7 Great Adoption Books for Kids
Hi there! My name is Sara. I’m a foster mother to many and an adoptive mother to my two sons, ages 6 and 13. Throughout the years we have found that one of the easiest ways to explain foster care and adoption to the kids who come through our home is through reading bedtime stories. Here are 7 of my favorite kids books that explain adoption.
A Mother for Choco
By Keiko Kasza
We LOVE Choco in our house. This is a great story that explains that mothers aren’t mothers based on if they look similar to their children, but instead what role they play in their child’s life. Choco’s mother and siblings look nothing like him, but they are family. This book is a very fun twist on the classic “Are you my Mother?” storybook. Great book that shows adoption as a simple, easy to understand concept.
By Sherrie Eldridge
“Forever Fingerprints” was written by an adoptee who does a great job of addressing the common questions adopted children regularly ask. The main character, a little girl named Lucy, has many feelings about her birth mother. Lucy’s adoptive parents do a great job of reinforcing Lucy’s feelings and honoring her past, all while building connection with her.
The Mermaid Who Couldn’t
By Ali Redford
This book is about a little mermaid named Mariana who was abandoned by her mother in the ocean. It’s easy to see that she is lacking confidence and has many doubts about herself. After meeting a turtle (who could be seen as a foster/adoptive mom) who comes and finds her, you see Mariana start to blossom. This book shows Mariana experiencing a wide range of emotions and shows her tame them with the help of the turtle. The emotions Mariana faces in this book are so relatable to foster/adoptive youth and this book helps opens up the dialogue and encourages communication.
A Family is a Family is a Family
By Sara O’Leary
“A Family is a Family us a Family” celebrates almost every kind of family imaginable. This book celebrates all sorts of different families- same sex families, single parent families, grandparents as guardians, separated families who are co-parenting, families by adoption etc. This book is so positive and celebrates diversity in families and is a fun read for kids of all ages.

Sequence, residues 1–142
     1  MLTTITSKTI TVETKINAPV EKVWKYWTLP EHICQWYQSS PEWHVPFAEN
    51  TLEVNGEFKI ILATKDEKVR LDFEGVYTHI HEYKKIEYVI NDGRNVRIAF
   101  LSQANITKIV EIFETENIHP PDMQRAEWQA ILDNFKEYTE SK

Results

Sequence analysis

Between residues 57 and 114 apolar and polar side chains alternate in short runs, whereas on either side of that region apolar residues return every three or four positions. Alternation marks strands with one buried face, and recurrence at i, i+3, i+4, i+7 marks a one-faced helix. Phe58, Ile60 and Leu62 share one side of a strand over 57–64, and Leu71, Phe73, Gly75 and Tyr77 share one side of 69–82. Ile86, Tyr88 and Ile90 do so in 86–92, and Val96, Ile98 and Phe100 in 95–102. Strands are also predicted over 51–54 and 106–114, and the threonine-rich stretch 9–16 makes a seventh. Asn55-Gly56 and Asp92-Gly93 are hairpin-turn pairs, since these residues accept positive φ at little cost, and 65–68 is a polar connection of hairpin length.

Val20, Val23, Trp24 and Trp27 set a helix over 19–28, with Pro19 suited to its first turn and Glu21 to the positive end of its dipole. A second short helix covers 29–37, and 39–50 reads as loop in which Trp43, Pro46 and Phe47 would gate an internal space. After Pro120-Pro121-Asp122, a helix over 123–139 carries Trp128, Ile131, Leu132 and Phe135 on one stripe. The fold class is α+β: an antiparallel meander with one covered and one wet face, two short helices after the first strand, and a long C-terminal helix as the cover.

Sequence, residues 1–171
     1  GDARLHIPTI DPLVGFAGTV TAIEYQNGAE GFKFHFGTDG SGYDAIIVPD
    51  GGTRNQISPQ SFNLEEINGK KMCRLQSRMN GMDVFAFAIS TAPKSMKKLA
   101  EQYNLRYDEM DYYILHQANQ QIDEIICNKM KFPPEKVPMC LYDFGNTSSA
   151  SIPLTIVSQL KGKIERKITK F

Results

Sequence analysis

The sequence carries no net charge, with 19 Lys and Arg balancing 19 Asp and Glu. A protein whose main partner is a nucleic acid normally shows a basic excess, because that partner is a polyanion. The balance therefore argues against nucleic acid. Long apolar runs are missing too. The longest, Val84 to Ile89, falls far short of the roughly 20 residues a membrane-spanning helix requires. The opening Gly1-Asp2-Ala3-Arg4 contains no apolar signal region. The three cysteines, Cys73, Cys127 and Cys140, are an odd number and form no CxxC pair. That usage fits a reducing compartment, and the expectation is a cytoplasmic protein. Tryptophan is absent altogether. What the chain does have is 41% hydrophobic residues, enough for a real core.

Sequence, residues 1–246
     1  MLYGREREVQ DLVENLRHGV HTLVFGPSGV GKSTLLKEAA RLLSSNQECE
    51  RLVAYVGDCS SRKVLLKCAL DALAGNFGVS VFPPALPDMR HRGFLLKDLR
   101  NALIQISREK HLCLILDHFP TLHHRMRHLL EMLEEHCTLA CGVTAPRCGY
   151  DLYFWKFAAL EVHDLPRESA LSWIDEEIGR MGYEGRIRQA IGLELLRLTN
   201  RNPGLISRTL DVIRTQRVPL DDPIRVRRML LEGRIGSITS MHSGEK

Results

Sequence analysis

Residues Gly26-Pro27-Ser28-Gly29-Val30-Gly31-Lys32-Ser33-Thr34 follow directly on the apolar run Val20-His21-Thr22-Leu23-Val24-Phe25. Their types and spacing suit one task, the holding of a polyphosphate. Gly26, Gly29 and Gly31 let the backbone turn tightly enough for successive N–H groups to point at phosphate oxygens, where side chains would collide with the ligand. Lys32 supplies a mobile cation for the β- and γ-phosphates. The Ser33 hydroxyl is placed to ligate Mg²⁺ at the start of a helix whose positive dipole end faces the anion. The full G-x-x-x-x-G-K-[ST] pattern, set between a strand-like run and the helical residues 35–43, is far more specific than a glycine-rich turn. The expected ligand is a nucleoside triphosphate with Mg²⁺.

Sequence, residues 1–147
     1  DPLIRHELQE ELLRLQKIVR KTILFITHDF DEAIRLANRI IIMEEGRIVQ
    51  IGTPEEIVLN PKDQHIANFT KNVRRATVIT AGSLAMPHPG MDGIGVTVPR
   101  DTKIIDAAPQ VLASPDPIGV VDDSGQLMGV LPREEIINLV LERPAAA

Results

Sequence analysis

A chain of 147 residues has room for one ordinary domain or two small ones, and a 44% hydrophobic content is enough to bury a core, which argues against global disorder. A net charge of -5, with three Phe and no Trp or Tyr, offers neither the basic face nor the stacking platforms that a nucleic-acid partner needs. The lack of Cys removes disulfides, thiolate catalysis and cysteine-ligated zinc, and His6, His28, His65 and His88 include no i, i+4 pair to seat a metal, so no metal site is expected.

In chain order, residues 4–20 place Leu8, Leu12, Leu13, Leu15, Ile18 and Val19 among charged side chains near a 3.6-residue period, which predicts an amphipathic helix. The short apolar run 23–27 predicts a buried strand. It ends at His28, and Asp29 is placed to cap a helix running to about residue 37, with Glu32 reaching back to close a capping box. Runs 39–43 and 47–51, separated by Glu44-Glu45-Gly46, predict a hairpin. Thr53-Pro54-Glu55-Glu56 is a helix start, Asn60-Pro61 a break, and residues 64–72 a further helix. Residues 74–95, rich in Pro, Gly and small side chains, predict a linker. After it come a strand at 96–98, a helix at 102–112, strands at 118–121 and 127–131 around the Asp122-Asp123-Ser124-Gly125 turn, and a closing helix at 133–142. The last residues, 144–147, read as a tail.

I don’t have your eyes
By Carrie A. Kitze
This is a positive, uplifting book that talks about the physical difference between adoptive parents and their children, and then follows with all the ways they are the same. This is especially great for transracial and interracial families. I love this book because it talks about how differences can be a thing to celebrate- they are valued and appreciated.
Yes, I’m adopted!
By Sharlie Zinniger
This book celebrates adoption from a child’s point of view. There is a rhyming nature throughout the book which keeps children’s attention. The illustrations are also beautiful. It is important to note that this book is based on a private infant adoption, so it may not be suitable for older children who were adopted out of foster care.
My New Mom & Me
By Renata Galindo
This is my all-time favorite kids book that relates to adoption! It’s geared towards older kids (3+) who are adopted and go meet their adoptive parents for the first time. The illustrations are amazing and it empathizes team work and celebrating our differences. This book is amazing and so relatable for adoptees as well as adoptive parents.